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  • Black Baseball History Matters
  • Brian Carroll (bio)

Marked by empty ballparks, cardboard cutouts, and broadcasters covering games from home, the COVID-19-shortened 2020 Major League Baseball season finally kicked off. Many things were missing, but a few things were new, including a BLM logo in sans serif type painted on pitcher's mounds. Since its origin in 2013 and, in particular, in the wake of of the deaths in short succession of Breonna Taylor, Ahmaud Arbery, and George Floyd prior to baseball's delayed Opening Day, the Black Lives Matter movement went global. At home, the country convulsed in protest and even riots. Confederate monuments came down. Signs and banners went up. MLB (finally) took notice.

If we can agree that Black lives matter, and apparently we cannot, we might recognize that, "the African-American community is not just making this up. … it's real, and there's a history behind it" as then-President Barack Obama told a convention of police officers in 2015.1 History matters, too, but who is authorized to tell that history makes all the difference. To empower Black lives and people of color going forward, a clear, candid look at the past is required. For a meaningful national conversation about systematic oppression, at least some grounding in the histories of US education systems, housing, job opportunities, healthcare, policing, and mass incarceration, just to name a few, is a prerequisite. History very much matters.

Black baseball history very much matters. To pave a way to a more inclusive future in baseball, one that meaningfully addresses the continuing decline of Black players in baseball, we need a better understanding of the past and of the very different worlds we historically created and inhabited. Usually, it's up to us to go find that history—one day per season dedicated to the life and legacy of Jackie Robinson, as wonderful as that day might be, is woefully insufficient. But sometimes, the history comes to us.

Larry Lester, cofounder of the Negro League Baseball Museum, author, researcher, and master statistician, came to my community in Rome, Georgia, to help us recognize the centennial anniversary of the Negro National League, an organization founded in 1920 that began sustainable, organized, professional Black baseball in America. In focusing our attention on a chapter of [End Page 8] local history almost entirely overlooked, and certainly excluded from the "official" histories of the area including the downtown Rome Area History Center, Larry reasserted the importance locally of the experiences of this community's Black ballplayers, real people who excelled on the sandlots and playing fields of this area more than a half-century ago, many of them still alive, and whose families typically know little of their achievements.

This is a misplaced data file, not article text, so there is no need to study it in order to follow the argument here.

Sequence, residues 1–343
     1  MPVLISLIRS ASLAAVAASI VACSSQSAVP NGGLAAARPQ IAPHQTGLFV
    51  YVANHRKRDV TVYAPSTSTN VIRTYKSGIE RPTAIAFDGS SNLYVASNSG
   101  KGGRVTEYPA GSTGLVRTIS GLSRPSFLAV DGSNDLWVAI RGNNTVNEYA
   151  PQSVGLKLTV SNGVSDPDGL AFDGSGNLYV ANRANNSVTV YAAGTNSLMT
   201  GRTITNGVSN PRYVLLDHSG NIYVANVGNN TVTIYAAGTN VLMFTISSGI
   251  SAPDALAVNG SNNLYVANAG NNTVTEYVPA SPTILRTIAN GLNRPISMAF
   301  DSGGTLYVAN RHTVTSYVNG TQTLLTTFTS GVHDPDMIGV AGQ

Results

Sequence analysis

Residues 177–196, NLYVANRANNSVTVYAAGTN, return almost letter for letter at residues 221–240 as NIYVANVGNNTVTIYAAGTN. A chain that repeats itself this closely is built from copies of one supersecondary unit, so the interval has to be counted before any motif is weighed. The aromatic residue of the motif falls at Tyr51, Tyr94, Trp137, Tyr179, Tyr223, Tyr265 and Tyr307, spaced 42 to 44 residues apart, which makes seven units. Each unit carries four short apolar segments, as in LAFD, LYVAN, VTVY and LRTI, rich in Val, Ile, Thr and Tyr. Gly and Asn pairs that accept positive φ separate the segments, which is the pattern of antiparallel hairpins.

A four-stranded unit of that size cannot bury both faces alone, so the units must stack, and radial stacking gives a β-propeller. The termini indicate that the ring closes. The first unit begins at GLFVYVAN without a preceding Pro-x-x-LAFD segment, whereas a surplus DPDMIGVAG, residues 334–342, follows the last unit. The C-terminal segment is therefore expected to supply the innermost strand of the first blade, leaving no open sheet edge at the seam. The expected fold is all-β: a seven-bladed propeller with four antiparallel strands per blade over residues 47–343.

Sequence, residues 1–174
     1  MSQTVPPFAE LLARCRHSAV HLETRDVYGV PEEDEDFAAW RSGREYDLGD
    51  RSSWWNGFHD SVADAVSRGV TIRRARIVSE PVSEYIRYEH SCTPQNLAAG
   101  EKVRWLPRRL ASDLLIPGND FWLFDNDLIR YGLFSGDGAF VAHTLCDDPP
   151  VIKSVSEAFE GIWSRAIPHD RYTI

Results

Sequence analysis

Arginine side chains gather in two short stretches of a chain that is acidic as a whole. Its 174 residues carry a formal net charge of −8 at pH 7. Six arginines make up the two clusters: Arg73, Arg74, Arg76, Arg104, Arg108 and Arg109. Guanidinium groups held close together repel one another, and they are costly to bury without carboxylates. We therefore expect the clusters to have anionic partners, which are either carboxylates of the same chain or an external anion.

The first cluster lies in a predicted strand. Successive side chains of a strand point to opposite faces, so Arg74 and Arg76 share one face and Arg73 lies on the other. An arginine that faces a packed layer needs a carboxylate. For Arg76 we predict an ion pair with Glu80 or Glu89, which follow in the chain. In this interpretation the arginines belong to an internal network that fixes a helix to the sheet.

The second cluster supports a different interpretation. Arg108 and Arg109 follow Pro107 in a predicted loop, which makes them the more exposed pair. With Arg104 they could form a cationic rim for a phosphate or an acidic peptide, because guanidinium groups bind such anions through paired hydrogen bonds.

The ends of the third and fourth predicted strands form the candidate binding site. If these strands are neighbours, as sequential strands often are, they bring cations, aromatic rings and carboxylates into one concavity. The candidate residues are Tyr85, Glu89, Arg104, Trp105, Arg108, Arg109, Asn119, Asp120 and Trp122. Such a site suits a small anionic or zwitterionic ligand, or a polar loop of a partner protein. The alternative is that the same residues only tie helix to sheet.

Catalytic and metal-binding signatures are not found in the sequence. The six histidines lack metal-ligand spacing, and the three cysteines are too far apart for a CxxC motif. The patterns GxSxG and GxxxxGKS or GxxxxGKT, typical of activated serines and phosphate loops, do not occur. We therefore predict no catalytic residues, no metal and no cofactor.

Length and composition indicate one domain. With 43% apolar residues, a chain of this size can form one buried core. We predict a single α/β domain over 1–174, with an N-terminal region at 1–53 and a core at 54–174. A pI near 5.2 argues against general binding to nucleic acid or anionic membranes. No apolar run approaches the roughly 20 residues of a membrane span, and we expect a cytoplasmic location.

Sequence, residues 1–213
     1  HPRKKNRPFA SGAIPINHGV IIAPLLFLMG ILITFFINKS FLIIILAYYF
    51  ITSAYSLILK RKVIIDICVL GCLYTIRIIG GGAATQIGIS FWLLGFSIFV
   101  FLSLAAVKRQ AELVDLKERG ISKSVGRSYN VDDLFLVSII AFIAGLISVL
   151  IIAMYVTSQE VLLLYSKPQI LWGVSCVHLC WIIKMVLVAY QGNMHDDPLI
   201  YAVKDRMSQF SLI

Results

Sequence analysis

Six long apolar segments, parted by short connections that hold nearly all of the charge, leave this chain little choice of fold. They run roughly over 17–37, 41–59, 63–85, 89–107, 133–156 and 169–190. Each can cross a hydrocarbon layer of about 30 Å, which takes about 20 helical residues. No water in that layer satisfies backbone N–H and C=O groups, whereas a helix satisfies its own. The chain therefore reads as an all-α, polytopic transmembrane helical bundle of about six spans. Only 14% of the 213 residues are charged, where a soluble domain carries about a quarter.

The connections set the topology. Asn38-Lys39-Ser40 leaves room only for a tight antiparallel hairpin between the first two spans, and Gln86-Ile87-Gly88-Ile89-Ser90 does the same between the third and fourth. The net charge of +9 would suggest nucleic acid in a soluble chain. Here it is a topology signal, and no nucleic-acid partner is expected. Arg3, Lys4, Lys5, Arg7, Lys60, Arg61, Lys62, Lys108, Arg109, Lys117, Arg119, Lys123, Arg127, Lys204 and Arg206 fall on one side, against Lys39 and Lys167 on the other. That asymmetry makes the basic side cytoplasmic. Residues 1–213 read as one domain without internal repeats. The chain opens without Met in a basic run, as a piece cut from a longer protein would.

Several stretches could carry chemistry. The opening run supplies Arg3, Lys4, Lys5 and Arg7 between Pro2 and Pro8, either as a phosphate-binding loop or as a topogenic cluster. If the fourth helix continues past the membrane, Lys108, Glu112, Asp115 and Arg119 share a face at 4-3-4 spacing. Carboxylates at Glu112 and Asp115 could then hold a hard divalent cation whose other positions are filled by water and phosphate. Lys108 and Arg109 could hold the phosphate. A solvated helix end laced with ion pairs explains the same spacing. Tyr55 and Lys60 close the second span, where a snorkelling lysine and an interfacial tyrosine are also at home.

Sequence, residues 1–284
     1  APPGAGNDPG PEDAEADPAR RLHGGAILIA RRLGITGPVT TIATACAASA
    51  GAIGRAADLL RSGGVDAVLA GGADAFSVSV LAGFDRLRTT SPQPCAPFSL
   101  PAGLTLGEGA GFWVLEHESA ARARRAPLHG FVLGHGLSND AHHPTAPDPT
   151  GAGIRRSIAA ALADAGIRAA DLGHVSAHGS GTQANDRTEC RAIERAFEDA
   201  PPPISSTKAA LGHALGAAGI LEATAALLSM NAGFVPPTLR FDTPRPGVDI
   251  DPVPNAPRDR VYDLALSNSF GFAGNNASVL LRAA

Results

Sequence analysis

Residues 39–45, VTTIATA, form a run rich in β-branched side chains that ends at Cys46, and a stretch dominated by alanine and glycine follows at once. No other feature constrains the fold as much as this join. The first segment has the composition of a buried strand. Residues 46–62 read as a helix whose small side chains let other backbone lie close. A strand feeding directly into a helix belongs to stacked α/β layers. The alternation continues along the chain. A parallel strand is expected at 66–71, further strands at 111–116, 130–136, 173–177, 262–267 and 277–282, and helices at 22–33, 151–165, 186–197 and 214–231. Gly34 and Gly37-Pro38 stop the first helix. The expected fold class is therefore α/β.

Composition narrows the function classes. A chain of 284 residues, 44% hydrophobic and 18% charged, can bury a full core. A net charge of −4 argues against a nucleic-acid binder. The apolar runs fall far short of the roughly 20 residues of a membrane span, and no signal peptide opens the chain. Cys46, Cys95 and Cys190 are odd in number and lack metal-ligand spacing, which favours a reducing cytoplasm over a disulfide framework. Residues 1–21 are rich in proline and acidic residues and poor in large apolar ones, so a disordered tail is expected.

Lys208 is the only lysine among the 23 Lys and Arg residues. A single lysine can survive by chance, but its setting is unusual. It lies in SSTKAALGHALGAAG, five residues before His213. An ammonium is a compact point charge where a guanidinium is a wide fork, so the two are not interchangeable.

Speaking across the gulfs of race, class, and age, Larry presented from the pulpit of decades spent researching the Black players, lobbying on their behalf, placing markers on their graves, and ensuring an ever more accurate statistical record of their play. He made a compelling case for why it is important that all Americans better apprehend just what Jackie Robinson accomplished when he broke big league baseball's color barrier in the mid-forties and, as a result, endured a first season of hatred, opposition, and racism, even from his own teammates. In fact, one of Larry's pleas was for us to seek this apprehension as American history, not simply as Black history, quarantined as the latter so often is into one month of the year.

Following his presentation, I had this conversation with a native of the area, someone who had grown up playing baseball right here in Rome:

"I grew up playing baseball here; there was no Black baseball then," he said, wild-eyed, with gray hair sneaking out from under his red baseball cap.

"Oh, really?" I asked. "When did you play?"

"Late fifties, early sixties."

"Dude, that was the heyday of Black baseball in this area. The heyday."

"I never saw it. Where did they play?"

"Down by the river, where the Rome High team plays now and over in Celanese. In Lindale, right next to where Pepperell High School is today, in what's an empty lot. And...


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pp. 8-15
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